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Human cytomegalovirus latency alters the cellular secretome, inducing cluster of differentiation (CD)4⁺ T-cell migration and suppression of effector function

Mason, Gavin M., Poole, Emma, Sissons, J. G. Patrick, Wills, Mark R., Sinclair, John H.
Proceedings of the National Academy of Sciences of the United States of America 2012 v.109 no.36 pp. 14538-14543
Human herpesvirus 5, T-lymphocytes, beta chemokines, chemoattractants, cytotoxicity, humans, immune response, pathogens, proteins, secretion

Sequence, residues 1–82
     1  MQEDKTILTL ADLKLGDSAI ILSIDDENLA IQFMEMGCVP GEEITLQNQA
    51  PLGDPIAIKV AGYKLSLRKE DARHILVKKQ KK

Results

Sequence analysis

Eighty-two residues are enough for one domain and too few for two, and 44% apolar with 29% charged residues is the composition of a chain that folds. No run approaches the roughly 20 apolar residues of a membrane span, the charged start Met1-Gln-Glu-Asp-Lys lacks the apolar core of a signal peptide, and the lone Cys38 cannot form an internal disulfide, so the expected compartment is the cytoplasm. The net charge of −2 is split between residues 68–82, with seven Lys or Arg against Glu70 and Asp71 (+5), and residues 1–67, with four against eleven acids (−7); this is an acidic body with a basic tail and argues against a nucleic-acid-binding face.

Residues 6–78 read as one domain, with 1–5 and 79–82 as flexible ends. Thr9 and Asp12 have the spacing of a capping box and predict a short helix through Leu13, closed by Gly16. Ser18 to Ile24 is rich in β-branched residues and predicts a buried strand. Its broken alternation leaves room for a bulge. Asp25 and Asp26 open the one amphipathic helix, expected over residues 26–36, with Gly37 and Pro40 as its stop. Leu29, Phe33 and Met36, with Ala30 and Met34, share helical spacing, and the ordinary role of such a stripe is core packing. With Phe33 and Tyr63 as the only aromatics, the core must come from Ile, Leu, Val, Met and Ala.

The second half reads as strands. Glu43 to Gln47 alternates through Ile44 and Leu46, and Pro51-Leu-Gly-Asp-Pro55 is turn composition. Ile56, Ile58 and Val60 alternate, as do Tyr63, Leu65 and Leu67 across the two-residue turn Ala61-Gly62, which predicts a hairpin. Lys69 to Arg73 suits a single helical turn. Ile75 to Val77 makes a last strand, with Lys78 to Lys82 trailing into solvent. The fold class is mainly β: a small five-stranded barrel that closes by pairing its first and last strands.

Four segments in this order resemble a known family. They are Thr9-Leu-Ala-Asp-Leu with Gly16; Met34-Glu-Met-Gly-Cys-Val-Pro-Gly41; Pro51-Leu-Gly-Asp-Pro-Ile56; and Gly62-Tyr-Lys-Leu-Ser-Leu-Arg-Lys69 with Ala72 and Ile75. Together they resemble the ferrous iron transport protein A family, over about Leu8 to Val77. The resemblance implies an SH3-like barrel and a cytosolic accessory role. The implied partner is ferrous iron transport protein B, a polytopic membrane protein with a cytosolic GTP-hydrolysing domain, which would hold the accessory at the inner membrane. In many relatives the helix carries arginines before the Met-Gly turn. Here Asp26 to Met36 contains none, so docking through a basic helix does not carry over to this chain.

After primary infection, human cytomegalovirus (HCMV) persists as a life-long latent infection, with host immunosuppression often resulting in clinical reactivation. During lytic infection, major changes in the expression of secreted cellular proteins (the secretome) occur that have profound effects on host–cell interactions, particularly at the level of the host immune response. In contrast, little is known about changes in the secretome that accompany latent infection, yet this is likely to be of major importance for the life-long carriage of this persistent human pathogen in the face of constant immunosurveillance. We have analyzed the secretome of cells carrying latent HCMV and have identified changes in several secreted cellular proteins known to be involved in regulation of the immune response and chemoattraction. Here, we show that a latency-associated increase in CC chemokine ligand (CCL)8 results in the recruitment of cluster of differentiation (CD)4 ⁺ T cells to supernatants from latently infected CD34 ⁺ cells but that these latent supernatants, also rich in immunosuppressive factors, inhibit cytokine secretion and cytotoxicity of HCMV-specific T-helper (Th)1 CD4 ⁺ T cells. These results identify a strategy by which sites of latent HCMV can firstly recruit CD4 ⁺ T cells and then inhibit their antiviral effector functions, thereby aiding the maintenance of latent infection in the face of the host immune response.